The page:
This will be somewhat different for each launch site, but at most launch facilities, among its buildings, there would also be some that resemble an astronomy observatory with a rotating dome on top (cupola).
Inside, it would have a proper telescope, or even a few of them, most likely refractors (glass type) since they offer better clarity at the center of the image, but that's not necessarily the case and they might as well use off-center image from a reflector (Dobsonian / Newtonian) or hybrid telescopes.
Observatory buildings along the coast next to the NASA's Wallops Flight Facility (Image credit: NASA Wallops)
Whichever telescope type they use, they would also have to use a motorized "Go-To" telescope mount with a reprogrammed star tracker to only follow the brightest spot, the rocket's exhaust plume. Additional image stabilization could also be done in software, along with correcting for atmospheric refraction, sharpness and all kinds of other things related to image quality, and they would often use multiple cameras / sensors and filter combinations to record the rocket's ascent in different wavelengths, with IR (infrared) wavelength being one of the most important ones on top of visible wavelength that they would mostly transmit for live streams during broadcasts.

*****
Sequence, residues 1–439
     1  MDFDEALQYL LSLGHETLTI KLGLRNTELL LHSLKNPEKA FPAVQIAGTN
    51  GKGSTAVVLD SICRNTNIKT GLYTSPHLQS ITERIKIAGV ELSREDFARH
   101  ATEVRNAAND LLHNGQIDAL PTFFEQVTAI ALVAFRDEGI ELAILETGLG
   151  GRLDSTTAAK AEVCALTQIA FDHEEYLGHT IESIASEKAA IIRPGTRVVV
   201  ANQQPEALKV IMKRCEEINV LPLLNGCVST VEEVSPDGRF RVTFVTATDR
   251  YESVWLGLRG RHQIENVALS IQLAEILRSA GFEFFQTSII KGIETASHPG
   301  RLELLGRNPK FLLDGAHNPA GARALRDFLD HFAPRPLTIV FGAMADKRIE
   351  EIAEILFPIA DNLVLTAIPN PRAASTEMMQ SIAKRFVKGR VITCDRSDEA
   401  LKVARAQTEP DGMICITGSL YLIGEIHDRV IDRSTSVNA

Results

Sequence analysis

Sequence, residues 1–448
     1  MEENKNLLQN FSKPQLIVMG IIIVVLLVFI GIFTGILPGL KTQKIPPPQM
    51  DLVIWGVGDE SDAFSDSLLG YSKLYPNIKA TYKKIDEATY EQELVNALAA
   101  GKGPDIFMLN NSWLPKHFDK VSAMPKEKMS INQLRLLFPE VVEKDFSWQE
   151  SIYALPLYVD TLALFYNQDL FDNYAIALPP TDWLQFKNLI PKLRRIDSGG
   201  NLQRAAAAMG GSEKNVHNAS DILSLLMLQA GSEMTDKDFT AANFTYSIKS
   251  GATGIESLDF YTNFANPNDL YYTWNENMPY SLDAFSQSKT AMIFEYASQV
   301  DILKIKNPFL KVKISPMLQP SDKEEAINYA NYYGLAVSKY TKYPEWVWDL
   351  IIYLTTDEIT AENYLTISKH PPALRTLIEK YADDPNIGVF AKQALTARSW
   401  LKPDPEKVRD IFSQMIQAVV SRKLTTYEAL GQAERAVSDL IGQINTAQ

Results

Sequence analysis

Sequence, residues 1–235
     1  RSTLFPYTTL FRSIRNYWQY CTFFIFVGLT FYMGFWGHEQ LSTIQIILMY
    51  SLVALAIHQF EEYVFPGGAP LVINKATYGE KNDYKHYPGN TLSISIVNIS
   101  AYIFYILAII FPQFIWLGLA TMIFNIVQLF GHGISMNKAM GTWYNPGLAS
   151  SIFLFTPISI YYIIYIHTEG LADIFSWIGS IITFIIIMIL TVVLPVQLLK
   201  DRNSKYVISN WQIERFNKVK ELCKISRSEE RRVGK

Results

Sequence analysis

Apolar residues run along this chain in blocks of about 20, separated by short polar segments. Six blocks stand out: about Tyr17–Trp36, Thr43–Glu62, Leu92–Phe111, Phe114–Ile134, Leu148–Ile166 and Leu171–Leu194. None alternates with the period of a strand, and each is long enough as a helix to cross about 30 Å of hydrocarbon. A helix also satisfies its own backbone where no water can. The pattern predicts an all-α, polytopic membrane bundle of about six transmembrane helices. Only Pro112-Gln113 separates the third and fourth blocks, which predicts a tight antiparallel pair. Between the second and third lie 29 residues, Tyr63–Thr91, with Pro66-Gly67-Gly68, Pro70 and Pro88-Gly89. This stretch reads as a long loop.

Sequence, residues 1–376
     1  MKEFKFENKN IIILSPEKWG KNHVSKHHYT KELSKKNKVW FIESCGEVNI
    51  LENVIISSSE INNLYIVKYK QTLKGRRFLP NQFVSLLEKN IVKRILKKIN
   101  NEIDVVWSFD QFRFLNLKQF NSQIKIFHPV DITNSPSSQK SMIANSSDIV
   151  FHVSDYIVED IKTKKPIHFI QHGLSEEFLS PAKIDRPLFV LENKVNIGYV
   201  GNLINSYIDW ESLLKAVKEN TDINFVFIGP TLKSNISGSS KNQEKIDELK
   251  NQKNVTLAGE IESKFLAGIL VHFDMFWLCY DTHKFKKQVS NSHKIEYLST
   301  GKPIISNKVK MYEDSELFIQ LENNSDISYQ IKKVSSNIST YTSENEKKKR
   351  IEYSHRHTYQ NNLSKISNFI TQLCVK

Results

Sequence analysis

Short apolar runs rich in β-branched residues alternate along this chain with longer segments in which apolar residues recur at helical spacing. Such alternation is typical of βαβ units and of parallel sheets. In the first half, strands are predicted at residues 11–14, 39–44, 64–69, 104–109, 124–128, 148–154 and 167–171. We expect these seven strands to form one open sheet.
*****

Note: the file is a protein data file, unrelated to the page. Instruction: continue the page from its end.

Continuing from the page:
Perhaps you'll find it interesting, here's a few links to vintage videos of the Kennedy Space Center Observatory from 1958 that I found while searching for convincing photographs. Sadly, they're watermarked, but they do loop in the preview:
Well, I thought they're rather cool, and the second one shows how such a telescope would approximately move to track a rocket during launch. :)